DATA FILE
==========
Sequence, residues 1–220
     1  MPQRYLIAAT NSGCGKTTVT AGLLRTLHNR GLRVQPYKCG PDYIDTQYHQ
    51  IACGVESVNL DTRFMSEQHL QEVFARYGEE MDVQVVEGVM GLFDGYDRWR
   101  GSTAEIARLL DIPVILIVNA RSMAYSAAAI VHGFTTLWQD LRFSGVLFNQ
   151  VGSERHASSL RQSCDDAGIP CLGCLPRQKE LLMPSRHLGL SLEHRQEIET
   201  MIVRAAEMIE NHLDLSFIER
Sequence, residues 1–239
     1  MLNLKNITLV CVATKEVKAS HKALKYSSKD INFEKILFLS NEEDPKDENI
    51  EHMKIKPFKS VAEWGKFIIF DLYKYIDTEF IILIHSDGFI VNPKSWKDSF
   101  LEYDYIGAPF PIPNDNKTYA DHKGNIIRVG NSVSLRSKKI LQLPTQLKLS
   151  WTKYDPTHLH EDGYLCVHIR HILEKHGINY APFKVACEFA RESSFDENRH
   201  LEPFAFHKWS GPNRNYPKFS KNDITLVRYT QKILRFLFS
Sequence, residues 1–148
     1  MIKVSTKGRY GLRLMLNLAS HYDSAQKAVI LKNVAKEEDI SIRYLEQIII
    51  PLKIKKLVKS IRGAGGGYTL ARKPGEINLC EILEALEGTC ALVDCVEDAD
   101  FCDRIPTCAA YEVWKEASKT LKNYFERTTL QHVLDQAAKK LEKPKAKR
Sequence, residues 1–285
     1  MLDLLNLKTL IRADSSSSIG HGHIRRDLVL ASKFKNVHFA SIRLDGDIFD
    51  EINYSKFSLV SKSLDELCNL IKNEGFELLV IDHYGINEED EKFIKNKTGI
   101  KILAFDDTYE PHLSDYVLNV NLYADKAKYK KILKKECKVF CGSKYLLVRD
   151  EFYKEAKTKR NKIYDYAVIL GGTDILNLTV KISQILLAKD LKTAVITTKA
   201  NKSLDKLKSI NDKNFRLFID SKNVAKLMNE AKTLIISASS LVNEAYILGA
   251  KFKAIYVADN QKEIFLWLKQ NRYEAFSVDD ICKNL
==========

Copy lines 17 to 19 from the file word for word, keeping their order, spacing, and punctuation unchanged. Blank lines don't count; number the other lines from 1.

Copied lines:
Sequence, residues 1–285
     1  MLDLLNLKTL IRADSSSSIG HGHIRRDLVL ASKFKNVHFA SIRLDGDIFD
    51  EINYSKFSLV SKSLDELCNL IKNEGFELLV IDHYGINEED EKFIKNKTGI